Gmail Scam Signal Of A Much Bigger Security Issue

This weekend news came that a Gmail archive service called G-Archiver, which backs up all of your Gmail emails to your hard drive, was actually the front for a scam – hard coded into the application was a “feature” that sent every user’s email address and password to the creator’s own email account, giving him access to all of their Gmail messages.

These users should have known better than to type their email credentials into a third party service, so sympathy levels are at a minimum. But there is a much bigger problem to consider. Gmail is the entry point into a vast array of Google office services – including Google Docs and Google Apps. Those services allow users to share documents with others. If one user’s email credential become compromised, all of those sensitive documents become available to the bad guys, too. So if a single user’s credentials become known, the business they work for is at risk.

That has led a number of experts to conclude that Google Apps can never be a real threat to Microsoft Exchange and Sharepoint. All of the sensitive business information of a company, if stored on Google’s servers, is just a password guess, or in this case what is effectively a phishing scam, away.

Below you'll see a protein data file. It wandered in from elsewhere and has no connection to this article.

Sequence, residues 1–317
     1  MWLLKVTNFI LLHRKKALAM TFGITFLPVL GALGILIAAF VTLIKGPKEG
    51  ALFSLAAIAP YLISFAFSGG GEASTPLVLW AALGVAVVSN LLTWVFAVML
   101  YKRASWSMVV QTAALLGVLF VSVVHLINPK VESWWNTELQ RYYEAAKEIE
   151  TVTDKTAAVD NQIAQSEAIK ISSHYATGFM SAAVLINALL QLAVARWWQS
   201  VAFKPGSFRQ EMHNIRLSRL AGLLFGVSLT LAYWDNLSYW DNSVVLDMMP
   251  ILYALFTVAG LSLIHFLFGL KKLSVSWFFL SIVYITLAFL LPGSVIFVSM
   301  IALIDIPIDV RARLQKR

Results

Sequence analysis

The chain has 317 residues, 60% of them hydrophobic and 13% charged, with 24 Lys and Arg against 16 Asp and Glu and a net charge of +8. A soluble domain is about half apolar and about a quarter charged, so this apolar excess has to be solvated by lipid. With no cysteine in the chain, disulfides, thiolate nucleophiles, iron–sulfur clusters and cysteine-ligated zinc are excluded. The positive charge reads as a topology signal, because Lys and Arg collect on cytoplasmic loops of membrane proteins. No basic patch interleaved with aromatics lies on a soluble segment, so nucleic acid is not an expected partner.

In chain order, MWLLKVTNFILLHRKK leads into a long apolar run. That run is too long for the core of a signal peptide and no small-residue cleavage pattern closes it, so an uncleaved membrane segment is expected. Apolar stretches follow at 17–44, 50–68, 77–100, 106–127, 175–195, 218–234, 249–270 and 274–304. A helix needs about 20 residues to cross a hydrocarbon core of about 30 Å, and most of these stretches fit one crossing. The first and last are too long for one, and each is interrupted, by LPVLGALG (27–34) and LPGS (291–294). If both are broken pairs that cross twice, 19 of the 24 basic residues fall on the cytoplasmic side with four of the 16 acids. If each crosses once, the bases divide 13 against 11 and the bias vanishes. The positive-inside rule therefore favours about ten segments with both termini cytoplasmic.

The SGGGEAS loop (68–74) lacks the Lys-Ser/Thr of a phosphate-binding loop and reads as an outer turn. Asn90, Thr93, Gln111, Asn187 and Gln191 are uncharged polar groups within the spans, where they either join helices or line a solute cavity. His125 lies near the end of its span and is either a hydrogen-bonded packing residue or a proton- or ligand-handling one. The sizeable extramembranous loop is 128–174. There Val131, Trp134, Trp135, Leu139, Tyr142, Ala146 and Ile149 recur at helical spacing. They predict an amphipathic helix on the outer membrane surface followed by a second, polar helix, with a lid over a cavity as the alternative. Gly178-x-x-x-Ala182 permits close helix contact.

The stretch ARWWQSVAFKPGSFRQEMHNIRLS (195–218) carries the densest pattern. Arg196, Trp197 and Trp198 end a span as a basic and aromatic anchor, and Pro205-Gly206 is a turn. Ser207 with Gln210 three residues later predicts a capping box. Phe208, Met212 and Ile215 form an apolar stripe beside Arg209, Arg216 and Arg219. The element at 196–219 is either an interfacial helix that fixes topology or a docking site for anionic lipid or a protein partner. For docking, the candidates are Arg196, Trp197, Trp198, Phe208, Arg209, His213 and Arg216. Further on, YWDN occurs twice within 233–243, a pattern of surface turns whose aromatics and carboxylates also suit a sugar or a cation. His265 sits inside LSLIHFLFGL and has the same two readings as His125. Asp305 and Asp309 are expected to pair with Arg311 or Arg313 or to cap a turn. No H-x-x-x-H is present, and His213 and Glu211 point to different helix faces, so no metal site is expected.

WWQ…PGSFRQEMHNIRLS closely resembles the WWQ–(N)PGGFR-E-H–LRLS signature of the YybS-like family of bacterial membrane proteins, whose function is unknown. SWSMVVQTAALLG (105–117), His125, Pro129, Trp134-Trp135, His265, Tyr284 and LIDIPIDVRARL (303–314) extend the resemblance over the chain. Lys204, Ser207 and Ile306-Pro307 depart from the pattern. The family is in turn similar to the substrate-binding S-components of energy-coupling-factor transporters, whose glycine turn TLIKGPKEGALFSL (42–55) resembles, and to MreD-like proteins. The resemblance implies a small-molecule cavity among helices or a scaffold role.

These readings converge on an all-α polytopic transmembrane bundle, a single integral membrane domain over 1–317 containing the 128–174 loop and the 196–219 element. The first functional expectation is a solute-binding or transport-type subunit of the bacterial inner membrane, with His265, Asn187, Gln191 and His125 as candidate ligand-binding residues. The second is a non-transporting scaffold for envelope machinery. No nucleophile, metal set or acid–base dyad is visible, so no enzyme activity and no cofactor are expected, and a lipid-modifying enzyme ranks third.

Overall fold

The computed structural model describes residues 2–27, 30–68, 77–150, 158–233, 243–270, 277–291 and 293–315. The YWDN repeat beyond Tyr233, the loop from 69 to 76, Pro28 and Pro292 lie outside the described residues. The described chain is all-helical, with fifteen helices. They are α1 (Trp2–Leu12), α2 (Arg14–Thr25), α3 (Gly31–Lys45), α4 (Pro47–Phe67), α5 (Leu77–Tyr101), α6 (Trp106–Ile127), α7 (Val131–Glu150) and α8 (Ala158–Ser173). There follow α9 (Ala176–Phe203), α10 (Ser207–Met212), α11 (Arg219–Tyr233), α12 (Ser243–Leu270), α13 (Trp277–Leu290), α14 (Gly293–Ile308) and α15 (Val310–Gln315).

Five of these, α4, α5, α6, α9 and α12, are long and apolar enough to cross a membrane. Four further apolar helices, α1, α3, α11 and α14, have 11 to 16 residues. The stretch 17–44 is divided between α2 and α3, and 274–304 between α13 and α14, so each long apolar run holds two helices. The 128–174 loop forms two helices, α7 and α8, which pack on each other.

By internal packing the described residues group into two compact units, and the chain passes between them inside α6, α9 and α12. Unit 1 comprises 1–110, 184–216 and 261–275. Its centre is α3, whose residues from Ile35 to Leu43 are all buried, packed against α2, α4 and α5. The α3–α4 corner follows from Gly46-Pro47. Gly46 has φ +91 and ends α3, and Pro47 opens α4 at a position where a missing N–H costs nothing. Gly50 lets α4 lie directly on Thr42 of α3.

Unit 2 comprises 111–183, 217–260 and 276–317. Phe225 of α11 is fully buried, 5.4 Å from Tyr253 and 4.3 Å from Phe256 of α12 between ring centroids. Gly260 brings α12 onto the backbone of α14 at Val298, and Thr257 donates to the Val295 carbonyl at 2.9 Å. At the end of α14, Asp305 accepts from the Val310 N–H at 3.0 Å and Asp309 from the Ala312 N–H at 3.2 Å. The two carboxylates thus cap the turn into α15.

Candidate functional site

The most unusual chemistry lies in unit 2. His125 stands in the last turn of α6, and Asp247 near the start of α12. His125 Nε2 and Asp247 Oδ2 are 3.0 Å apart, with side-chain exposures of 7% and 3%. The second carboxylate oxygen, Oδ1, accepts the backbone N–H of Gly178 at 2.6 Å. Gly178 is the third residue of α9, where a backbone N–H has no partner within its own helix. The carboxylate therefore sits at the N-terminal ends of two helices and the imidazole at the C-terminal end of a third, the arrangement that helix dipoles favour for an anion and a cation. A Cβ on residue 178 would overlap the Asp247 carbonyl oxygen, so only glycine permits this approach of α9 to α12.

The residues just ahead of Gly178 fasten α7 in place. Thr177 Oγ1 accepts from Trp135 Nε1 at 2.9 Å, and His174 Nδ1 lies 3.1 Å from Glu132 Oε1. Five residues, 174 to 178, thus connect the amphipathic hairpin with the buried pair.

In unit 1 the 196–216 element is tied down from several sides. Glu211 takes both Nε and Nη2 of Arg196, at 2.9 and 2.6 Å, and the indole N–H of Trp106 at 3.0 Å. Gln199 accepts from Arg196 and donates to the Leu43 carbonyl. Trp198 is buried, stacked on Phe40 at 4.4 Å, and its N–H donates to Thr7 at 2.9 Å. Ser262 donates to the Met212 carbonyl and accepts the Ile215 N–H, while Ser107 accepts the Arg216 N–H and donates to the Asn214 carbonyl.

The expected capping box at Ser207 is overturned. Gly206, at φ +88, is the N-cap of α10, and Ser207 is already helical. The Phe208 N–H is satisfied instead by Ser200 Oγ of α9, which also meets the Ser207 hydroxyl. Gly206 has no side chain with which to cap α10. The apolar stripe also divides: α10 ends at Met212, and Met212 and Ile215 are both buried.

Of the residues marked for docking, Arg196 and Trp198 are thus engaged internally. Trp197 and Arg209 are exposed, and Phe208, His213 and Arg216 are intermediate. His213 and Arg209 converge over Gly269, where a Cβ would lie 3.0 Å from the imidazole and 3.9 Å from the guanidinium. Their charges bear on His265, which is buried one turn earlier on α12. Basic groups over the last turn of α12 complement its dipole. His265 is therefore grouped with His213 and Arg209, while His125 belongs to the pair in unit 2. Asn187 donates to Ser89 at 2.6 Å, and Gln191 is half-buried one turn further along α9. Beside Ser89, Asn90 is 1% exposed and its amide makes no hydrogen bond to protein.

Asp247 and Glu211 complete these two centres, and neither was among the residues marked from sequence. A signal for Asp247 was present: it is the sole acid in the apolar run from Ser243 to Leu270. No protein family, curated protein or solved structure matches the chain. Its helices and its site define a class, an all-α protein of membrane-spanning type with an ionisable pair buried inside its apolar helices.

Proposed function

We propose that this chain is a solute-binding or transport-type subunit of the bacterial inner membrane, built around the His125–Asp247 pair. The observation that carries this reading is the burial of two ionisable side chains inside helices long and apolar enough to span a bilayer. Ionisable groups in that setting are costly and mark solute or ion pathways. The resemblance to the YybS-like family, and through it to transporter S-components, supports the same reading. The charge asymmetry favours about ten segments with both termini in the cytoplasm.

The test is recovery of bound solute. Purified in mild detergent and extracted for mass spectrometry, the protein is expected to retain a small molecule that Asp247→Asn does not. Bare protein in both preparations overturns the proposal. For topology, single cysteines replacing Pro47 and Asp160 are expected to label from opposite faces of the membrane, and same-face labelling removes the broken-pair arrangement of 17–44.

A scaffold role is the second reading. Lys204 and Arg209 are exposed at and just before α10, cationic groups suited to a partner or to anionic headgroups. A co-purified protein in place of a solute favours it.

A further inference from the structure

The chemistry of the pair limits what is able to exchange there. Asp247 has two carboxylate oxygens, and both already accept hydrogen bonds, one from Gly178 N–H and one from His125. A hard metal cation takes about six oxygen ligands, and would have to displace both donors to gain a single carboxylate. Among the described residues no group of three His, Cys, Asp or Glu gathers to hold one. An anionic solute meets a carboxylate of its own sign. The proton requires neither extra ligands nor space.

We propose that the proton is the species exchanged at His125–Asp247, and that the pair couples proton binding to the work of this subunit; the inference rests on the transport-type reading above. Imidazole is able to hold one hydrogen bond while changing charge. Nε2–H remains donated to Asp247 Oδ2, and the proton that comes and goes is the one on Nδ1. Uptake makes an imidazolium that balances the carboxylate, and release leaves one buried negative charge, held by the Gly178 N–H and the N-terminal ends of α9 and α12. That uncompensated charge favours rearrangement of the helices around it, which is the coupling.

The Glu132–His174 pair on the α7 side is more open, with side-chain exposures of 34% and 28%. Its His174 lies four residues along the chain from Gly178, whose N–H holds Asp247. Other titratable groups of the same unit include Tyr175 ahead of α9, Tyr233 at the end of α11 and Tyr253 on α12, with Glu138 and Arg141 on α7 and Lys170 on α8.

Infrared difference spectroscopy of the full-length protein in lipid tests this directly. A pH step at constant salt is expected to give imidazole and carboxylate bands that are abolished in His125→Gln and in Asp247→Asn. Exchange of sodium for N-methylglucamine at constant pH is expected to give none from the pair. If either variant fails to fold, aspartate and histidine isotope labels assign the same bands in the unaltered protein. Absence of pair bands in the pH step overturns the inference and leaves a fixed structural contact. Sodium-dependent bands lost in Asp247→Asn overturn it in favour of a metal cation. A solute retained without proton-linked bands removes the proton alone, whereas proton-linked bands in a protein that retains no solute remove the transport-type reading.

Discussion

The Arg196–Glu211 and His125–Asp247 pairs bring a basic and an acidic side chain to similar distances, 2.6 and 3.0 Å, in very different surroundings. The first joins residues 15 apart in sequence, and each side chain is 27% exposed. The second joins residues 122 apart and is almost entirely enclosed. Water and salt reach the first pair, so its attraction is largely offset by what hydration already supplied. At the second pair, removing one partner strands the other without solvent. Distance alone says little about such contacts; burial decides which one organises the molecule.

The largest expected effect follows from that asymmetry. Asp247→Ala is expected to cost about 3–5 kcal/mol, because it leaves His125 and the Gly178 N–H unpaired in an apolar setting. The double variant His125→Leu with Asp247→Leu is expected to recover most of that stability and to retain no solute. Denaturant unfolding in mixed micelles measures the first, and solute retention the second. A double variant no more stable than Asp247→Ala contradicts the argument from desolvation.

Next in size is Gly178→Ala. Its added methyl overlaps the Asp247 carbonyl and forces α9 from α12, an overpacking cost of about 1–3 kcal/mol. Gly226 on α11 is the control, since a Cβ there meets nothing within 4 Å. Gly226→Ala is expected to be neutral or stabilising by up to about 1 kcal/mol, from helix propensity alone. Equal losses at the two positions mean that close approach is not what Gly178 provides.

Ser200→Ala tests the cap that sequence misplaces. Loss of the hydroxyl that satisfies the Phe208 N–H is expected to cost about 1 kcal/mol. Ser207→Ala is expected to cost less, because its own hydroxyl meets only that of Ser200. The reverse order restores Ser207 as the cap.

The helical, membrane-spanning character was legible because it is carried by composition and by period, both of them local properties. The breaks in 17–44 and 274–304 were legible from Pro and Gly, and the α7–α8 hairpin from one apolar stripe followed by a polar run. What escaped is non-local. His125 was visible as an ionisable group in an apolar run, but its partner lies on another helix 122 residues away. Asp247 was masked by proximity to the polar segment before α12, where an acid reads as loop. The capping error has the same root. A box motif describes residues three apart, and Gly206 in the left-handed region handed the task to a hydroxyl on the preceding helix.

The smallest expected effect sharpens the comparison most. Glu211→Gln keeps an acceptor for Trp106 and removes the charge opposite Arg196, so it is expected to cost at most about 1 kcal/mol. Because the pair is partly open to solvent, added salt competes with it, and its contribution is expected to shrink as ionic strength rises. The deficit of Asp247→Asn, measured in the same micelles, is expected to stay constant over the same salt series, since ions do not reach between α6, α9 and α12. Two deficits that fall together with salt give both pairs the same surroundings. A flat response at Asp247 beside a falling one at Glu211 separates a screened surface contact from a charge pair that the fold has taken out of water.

I’ve spoken with Google employees about this issue in the past, and they point out that Google Apps allows authentication mechanisms that require more than just a password. In the Google Apps Security Policy, they state: “Google Apps integrates with standard web SSO systems using the SAML 2.0 standard. This allows integration with custom sign-on and/or advanced authentication (SecureID). Solutions can be custom made or Google Partner supplied.”

Of course many companies won’t use SecureID for authentication, and they’ll still be at risk. Over time, hopefully, even smaller companies will require it.

In the meantime, something else about Google’s security policy caught my eye. They’ll turn over data to third parties when required to by law (including search warrants, court orders, or subpoenas.) Google says they will “attempt to notify users before turning over their data whenever possible and legally permissible.” That may not be good enough for many companies, who would choose to fight an information transfer in court before they turn it over. If it was on their own servers they would be able to do that. But Google, certainly, won’t be going to court to fight on your behalf. Users should consider themselves lucky just to be notified that the information was released. Caveat Emptor.